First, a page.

Sir Winston Churchill: “The word heroism, I’m afraid, does not reflect in the least the Hellenes’ acts of self-sacrifice that were the defining factors of the victorious ending of all the nations’ common struggle during the 2nd WW for human freedom and dignity.”
“If it were not for the bravery of the Hellenes and their courageous hearts, the ending of the 2nd WW would not have been clear.”
“Until now we were saying that Hellenes fight like heroes. Now we will say heroes fight like Hellenes.”
“The Hellenes fighting against the common enemy will share with us in the prosperity of peace.”
Charles DeGaulle: “I fail to give the most needed gratitude that I feel for the heroic resistance of the people and the leaders of Hellas.”
Maurice Schumann (French Minister of Foreign Affairs): “Hellas is the symbol of martyric enslaved, bleeding, but live Europe. Never has a defeat been so honorable for those who underwent it.”
Josef Stalin: “I’m sad because I’m getting old and I will not live much longer to express my gratitude to the Hellenic people whose resistance determined the 2nd WW.”
Moscow Radio Station: “You fought without weapons and you won, being small before the great ones. We owe you gratitude, because you brought time and, thus, we could arm ourselves. As Russians and as fellow humans, we thank you.”
Georgy Zhukov (Marshal of the Soviet Army): “If the Russian people managed to raise resistance before the gates of Moscow to contain and reverse the German hurricane, they owe it to the Hellenic people who delayed the German divisions that could have beaten us. The gigantic battle of Crete was the peak of the Hellenic contribution.”
In effect, Heller’s decision to vent his rage against a small country that, unlike the other countries on Europe’s mainland had dared to defy him, was unquestionably the most catastrophic military decision of WWII. As with Napoleon centuries earlier, unless Russia was defeated by November, Hitler’s most feared enemy would extract its toll on the battlefield: WINTER!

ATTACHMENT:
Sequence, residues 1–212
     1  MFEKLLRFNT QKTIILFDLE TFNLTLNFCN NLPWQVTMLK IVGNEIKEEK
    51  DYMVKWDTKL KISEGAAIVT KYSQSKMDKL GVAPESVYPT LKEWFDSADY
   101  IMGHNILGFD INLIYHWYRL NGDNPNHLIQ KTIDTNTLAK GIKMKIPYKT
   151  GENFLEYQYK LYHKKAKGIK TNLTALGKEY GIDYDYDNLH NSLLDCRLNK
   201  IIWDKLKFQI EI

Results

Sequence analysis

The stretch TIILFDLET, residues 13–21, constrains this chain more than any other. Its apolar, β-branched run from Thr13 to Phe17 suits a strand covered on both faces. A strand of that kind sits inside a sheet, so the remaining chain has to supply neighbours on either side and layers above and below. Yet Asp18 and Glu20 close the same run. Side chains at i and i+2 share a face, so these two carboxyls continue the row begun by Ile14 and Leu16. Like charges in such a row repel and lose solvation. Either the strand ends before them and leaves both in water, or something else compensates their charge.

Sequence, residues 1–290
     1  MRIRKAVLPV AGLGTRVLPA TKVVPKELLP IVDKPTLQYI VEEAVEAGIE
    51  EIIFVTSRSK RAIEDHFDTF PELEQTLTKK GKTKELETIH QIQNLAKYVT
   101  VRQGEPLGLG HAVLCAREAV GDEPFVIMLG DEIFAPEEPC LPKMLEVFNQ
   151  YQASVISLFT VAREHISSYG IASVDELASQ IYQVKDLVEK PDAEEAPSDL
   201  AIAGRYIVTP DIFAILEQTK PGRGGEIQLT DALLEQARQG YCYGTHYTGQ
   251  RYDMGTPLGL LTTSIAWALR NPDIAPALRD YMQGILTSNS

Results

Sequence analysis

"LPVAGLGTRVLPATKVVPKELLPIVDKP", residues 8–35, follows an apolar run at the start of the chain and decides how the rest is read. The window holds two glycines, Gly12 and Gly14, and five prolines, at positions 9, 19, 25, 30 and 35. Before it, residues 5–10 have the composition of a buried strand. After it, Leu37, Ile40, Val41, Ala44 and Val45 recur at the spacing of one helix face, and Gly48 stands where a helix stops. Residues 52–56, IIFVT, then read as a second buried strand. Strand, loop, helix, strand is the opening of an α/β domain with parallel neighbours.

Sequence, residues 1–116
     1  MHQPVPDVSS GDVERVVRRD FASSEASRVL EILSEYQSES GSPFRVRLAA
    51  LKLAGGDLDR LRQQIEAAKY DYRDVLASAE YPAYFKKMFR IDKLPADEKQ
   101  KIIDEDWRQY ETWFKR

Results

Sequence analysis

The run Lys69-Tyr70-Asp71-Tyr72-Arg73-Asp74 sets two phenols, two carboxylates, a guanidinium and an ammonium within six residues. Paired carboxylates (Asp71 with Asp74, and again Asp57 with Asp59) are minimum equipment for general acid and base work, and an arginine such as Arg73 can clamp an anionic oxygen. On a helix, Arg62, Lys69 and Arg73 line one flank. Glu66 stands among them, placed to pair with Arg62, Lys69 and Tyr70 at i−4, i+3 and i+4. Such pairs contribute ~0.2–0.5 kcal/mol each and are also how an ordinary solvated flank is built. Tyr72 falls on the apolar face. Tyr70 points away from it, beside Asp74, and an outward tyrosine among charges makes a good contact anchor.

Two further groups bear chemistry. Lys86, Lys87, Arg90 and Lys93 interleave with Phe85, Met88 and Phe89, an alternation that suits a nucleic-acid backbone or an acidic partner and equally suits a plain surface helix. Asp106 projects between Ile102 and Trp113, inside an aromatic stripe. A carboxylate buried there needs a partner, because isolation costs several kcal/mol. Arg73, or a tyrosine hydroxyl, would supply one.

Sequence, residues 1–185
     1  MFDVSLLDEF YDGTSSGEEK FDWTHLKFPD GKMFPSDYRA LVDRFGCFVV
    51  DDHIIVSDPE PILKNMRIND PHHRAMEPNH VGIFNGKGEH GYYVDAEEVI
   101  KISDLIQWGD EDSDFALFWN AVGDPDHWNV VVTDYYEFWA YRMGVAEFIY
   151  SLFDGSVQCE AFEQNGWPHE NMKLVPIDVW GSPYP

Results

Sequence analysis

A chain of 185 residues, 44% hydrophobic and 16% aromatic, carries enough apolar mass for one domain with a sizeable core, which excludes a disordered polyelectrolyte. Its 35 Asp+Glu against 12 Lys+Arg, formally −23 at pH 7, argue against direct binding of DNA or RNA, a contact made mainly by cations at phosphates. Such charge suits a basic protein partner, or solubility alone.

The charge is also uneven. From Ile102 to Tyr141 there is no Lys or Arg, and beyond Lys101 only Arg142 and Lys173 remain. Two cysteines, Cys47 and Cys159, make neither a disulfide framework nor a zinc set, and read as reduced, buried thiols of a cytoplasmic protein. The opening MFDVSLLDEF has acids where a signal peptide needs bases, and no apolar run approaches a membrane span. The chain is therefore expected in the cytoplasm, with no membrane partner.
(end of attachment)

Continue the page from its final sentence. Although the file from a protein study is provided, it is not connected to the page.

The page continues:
OHI day serves as another tribute to all Greeks, including Greek Americans. Following the War of Independence in 1812 when the brutal uncivilized Turks were defeated, the immigration of Greeks to America began in earnest (the Turks has pillaged, looted, persecuted, and enslaved the Greeks for centuries). Nearly one tenth of the total population (including both of my parents) immigrated to our country during the period 1821 – 1934.
Through it all, Greece has remained the fountainhead of culture and democracy throughout the free world. Despite lacking the political and media clout of other ethnic groups, Greek-Americans have evolved into a success story that has become a best-kept secret. They have contributed mightily to our great nation. They rank second only to the American Jews in per capita wealth but first in percent who have earned doctoral degrees.
Yep, I still get that special feeling when someone refers to me as a Greek-American.
Note: Thanks are due to my first cousins Helen Lake Anton and Harry Lake, aka Apostolakos, for providing some of the background material for this article. Helen was stationed in Greece during part of her CIA career. Harry serves on the National Board of Directors and was Finance Chairman of AHEPA (American Hellenic Educational Progressive Association).
Here is what is on tap in the coming months:
December 1: 2013-14 Hofstra Basketball: Is There Hope on the Horizon?
January 1: Revisiting the East Williston School District
February 1: On the New York Times
March 1: On Chaste, Pristine, and Random Thoughts XX
April 1: On the Barack Hussein Obama Update III